December 11, 2008


In college I was a little more than a social smoker. I stopped smoking cigarettes when I started working with high school drop outs who needed to quit worse than I did. I didn't want to be like my eighth grade P.A.L. teacher who always harped on “the dangers of smoking” but smelled like a pack a day. I was also outside the stresses of University life, so I did not think much about it.

When I was a full-time student a year later I began to smoke a beautiful pipe that my boyfriend gave to me for Christmas. Dad really let me have it when he found out I was smoking a pipe. I was so ashamed that I stopped again.

Since then I smokes about once a year, usually with John or Lindsey. Baker knows I used to smoke and doesn't seem to mind too much when I have a drag.

I woke up this morning to one of those clear crisp days when you know it is December. I had a bit of a cough and a scratchy throat and the tea kettle was singing its mournful hymn and I wished I had a cigarette. Not just any cancer stick, but an American Spirit ... I even giggled thinking about it.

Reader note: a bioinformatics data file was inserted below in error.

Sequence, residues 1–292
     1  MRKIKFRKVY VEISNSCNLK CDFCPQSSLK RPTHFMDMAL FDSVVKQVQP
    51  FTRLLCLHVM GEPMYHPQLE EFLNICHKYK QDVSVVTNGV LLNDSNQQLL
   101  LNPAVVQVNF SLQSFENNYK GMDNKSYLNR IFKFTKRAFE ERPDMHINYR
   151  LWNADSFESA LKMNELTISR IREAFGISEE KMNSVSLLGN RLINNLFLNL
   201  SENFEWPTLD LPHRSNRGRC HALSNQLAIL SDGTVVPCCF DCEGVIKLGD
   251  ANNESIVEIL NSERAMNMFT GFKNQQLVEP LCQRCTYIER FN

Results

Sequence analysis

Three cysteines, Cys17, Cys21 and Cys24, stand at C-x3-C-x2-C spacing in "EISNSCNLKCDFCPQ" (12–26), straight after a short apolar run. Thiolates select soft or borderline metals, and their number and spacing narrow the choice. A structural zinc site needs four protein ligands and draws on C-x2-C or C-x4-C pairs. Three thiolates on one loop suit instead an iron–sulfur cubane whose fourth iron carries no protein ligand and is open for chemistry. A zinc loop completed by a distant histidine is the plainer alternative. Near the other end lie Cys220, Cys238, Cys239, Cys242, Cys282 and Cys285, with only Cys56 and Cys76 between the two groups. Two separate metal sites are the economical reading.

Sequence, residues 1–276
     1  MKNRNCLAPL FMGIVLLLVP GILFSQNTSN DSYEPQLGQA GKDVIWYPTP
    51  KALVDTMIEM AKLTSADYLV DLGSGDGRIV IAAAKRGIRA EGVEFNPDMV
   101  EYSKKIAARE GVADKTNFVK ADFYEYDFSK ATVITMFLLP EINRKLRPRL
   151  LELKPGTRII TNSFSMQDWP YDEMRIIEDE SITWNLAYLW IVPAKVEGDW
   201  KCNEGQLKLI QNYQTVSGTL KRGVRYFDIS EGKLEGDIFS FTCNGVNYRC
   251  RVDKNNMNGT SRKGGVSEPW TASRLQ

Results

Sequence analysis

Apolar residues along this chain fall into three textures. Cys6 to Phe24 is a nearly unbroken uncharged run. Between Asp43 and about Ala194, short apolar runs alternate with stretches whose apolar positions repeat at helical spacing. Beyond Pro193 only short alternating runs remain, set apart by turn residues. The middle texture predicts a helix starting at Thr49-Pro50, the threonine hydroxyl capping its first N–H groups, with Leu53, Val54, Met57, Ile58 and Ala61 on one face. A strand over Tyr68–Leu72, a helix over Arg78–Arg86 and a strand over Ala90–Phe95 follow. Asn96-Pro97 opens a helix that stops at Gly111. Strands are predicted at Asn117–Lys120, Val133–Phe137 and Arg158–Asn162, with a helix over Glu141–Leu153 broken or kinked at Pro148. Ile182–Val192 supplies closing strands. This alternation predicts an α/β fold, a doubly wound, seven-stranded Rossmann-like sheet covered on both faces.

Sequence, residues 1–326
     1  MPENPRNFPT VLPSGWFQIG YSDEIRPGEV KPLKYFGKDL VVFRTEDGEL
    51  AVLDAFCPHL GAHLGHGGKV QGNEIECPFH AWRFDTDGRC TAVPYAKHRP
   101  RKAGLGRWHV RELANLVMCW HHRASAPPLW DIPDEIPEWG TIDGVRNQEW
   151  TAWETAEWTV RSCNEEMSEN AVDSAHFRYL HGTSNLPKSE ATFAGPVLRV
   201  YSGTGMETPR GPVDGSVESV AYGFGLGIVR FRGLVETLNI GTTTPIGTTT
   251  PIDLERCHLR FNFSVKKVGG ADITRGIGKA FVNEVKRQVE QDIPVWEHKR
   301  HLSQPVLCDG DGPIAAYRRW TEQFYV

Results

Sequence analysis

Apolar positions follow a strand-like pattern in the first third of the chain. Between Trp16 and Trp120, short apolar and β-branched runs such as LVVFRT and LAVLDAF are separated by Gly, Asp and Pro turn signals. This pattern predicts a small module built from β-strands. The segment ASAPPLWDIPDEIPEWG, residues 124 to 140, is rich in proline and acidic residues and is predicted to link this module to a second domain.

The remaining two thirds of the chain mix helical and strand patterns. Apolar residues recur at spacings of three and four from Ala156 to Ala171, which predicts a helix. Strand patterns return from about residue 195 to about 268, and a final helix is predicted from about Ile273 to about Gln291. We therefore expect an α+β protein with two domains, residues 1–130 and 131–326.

Soon I was reminded of all the times when I rolled my eyes at my friends who were smoking or coughed dramatically in the direction of strangers who I thought needed to quit. Then the one line from the last section of St Ephraim's three stanza prayer “grant me to see my own sins and not condemn my brother” floated into my head. Have I only been awake for 30 minutes and already messed up?

If I kept always a memory of the joy smoking provided me, I would not be so judgmental of folks who just cannot seem to quit. Should I be mindful of the litany of sins that I cannot seem to conquer I might be a bit more gracious to my brother man.



ViridianBill said...

Ah Rebekah, how true. I remember the immense pleasure that a pack of Marlboros afforded me as a young lad of about 12. Some of the "Big Boys" in the neighborhood would buy them for me, and I would climb a big tree at the edge of the woods near my neighborhood and puff away, hidden in the breezes and alone with my thoughts. I remember the rich taste, the wonderful aroma, the mild high of the nicotine. But, I also remember the fear of getting caught, and knowing that the consequence of that would be my father's belt (I had seen it before on my older brothers!) So, after a few months of this summer reverie, I quit, cold turkey. Now, I very occasionally puff a pipe, alone, outside on our bedroom deck, and experience very nearly the same sensations. I have a feeling that after one has developed the habit of smoking, the pleasure of it fades. So perhaps, like most things in life, the key to appreciation is found in the moderation--maybe even fasting/feasting--of the act which preserves its uniqueness.

Rebekah said...

Thanks Uncle Bill, yes, there is the need (at least for me) to continue the fasting/feasting discipline with this beloved "habit" of mine. Now that the evenings are cool and the sunsets are orange and purple it seems the perfect time for a smoke. Maybe we can share one together sometime